This past weekend, as furniture and boxes were being packed up and moved from the old place to the new, an item of sentimental value turned up, one that I didn't even know was missing. As we pulled a bookcase away from the wall, behind it we found my framed Chet Laabs baseball card. Why would someone frame the trading card of a mediocre outfielder who played in the first half of the 20th century, you ask? Well, it's a long story, but one I'm more than willing to tell.
When I was a kid, growing up in a small town about an hour and a half north of New York City, my next-door neighbor and best friend, Brian, found his father's old baseball glove in their garage. The signature on the relic was that of the aforementioned Laabs. When Brian asked his father about the player whose name was on his childhood baseball mitt, it turns out his dad knew nothing about him.
So, they asked my dad. "Chet Laabs...oh yeah, pretty good power-hitting outfielder. Played for the St. Louis Browns during the war years," was his assessment. Of course, our next-door neighbors were dumbfounded. Brian's father and his brother had actually shared this glove as kids, and the obscurity of the player they had never heard of had become a life-long running joke. From that day forward, Brian developed an unusual fascination with a player whose career was over almost two decades prior to this birth.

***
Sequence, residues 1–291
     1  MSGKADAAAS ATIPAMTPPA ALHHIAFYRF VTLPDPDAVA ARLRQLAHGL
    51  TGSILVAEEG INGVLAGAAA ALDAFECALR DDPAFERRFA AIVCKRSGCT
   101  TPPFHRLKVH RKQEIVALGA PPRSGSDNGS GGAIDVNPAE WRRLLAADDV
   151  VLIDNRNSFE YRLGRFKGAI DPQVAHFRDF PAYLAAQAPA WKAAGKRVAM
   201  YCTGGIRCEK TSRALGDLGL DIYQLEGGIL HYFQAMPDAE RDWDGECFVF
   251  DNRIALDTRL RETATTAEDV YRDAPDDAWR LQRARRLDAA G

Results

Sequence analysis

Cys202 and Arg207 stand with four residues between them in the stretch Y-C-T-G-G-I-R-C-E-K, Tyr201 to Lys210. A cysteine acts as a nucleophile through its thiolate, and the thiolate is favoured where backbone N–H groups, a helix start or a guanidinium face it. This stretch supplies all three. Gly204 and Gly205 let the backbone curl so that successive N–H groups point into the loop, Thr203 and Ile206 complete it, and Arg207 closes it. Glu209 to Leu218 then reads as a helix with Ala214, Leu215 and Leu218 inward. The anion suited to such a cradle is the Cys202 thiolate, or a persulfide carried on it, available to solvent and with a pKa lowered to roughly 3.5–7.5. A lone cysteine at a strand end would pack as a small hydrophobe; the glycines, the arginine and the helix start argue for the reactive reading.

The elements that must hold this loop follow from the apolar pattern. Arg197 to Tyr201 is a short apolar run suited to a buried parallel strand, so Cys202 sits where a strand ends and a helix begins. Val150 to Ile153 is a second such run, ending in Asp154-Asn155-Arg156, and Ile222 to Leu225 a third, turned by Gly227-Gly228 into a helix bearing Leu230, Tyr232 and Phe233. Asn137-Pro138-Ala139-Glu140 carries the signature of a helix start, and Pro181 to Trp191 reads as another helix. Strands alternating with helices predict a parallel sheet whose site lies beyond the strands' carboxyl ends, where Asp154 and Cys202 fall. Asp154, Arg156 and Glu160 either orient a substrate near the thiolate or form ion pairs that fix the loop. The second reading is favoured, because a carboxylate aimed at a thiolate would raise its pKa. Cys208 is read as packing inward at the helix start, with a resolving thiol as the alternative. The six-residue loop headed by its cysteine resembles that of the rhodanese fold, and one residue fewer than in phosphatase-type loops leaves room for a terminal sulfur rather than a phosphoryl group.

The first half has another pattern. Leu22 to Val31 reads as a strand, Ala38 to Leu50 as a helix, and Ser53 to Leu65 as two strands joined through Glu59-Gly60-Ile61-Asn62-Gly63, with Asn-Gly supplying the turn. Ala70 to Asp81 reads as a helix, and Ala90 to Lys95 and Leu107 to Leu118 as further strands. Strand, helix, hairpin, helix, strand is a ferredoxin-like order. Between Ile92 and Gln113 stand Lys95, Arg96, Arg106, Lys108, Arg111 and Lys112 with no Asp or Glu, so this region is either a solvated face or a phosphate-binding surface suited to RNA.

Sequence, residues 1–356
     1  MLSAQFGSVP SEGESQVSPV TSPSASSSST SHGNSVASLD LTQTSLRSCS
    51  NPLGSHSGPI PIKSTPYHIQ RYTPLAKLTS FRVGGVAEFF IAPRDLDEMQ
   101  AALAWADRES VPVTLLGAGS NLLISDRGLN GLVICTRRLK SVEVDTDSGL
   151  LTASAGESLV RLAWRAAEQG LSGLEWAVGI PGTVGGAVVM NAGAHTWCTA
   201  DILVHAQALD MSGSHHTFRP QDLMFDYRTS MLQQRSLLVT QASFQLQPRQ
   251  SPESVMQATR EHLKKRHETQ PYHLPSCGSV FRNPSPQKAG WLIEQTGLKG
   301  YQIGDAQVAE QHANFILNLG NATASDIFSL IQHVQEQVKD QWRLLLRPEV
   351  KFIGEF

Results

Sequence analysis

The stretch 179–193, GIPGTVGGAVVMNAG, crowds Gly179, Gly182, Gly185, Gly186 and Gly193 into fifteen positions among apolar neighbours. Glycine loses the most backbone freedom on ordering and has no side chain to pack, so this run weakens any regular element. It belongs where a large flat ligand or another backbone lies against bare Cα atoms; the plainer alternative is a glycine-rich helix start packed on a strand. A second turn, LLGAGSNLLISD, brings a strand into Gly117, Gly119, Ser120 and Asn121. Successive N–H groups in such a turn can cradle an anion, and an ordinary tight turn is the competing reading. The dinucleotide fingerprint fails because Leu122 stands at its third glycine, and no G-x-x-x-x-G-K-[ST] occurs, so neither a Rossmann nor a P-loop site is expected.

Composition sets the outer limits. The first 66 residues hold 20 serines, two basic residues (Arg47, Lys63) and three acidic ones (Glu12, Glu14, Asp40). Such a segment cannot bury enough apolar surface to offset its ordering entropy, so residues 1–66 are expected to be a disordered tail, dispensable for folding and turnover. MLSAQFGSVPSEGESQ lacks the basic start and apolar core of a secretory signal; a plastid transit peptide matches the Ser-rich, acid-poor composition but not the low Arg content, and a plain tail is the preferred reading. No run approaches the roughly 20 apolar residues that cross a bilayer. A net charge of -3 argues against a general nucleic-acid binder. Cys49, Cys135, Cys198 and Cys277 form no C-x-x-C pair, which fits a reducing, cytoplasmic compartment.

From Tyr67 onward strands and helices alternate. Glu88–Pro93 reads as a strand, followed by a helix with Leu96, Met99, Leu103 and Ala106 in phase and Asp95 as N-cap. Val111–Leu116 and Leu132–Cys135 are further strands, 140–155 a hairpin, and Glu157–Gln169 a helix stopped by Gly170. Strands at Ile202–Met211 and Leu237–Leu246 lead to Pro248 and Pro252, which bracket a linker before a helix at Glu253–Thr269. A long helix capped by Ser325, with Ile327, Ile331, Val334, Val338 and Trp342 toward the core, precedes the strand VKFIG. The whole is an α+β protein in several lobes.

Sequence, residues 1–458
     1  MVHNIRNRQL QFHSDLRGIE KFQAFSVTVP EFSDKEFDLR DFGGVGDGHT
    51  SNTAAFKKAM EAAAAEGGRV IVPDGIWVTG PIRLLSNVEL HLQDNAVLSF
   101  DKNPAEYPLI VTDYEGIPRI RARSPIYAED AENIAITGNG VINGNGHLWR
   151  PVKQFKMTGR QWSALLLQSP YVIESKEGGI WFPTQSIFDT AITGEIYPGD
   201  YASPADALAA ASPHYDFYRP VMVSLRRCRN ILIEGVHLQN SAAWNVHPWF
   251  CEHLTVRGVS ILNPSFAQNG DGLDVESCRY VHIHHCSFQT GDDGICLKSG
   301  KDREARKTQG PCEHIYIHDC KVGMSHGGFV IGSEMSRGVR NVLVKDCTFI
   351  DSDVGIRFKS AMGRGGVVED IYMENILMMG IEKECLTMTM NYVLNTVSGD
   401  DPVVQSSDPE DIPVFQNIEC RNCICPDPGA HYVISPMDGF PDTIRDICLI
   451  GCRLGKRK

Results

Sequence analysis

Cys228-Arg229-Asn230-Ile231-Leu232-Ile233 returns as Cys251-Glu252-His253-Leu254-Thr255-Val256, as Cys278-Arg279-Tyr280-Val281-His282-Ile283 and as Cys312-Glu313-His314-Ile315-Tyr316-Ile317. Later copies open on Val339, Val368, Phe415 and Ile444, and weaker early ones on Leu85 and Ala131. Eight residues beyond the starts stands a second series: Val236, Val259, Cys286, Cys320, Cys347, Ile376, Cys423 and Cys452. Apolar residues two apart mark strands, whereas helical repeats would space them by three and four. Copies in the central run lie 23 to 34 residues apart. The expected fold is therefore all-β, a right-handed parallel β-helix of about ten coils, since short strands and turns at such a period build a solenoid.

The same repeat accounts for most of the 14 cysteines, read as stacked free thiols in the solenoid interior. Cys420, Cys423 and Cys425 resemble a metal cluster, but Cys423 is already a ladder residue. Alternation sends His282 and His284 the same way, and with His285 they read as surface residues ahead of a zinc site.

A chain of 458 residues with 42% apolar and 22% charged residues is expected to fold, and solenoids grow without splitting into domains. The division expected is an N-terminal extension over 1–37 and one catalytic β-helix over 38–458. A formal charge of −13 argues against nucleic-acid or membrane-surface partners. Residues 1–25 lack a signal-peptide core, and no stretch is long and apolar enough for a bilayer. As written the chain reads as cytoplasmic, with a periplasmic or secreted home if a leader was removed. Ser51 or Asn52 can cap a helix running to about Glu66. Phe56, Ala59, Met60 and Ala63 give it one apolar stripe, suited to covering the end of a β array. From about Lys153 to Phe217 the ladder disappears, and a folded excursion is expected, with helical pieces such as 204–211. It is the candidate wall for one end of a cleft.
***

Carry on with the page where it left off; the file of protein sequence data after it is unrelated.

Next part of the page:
In today's internet age, this may never have happened. The kid in the story would have simply Googled Chet Laabs, and that probably would have been the end of a story that became legendary due to all of these factors coming together. Our era of connectivity would later contribute to this continuing saga, however.
Years later, when Brian was out of college and on his own, his parents moved to Texas. Unfortunately, the glove did not make it with them, nor did it remain behind with Brian. Somehow, it was lost in the process and gone forever as far as we were concerned.
Five or so years ago, I was struck by the urge to search for Chet Laabs memorabilia on eBay. When I found a bat inscribed with his name, I immediately contacted Brian, and we ended up purchasing the item for $50 as a surprise Christmas gift for his uncle.
Joe Sewell and the art of not striking out
15 hours ago